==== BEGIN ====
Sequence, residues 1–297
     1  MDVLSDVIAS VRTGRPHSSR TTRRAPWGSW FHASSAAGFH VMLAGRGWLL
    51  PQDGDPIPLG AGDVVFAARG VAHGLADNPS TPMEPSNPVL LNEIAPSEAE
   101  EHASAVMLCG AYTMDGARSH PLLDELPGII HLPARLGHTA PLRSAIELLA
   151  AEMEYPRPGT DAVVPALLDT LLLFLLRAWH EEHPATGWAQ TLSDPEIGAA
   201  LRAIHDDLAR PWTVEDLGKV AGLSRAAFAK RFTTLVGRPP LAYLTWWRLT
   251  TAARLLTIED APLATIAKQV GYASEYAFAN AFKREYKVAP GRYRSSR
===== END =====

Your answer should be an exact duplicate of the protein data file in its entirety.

Sequence, residues 1–297
     1  MDVLSDVIAS VRTGRPHSSR TTRRAPWGSW FHASSAAGFH VMLAGRGWLL
    51  PQDGDPIPLG AGDVVFAARG VAHGLADNPS TPMEPSNPVL LNEIAPSEAE
   101  EHASAVMLCG AYTMDGARSH PLLDELPGII HLPARLGHTA PLRSAIELLA
   151  AEMEYPRPGT DAVVPALLDT LLLFLLRAWH EEHPATGWAQ TLSDPEIGAA
   201  LRAIHDDLAR PWTVEDLGKV AGLSRAAFAK RFTTLVGRPP LAYLTWWRLT
   251  TAARLLTIED APLATIAKQV GYASEYAFAN AFKREYKVAP GRYRSSR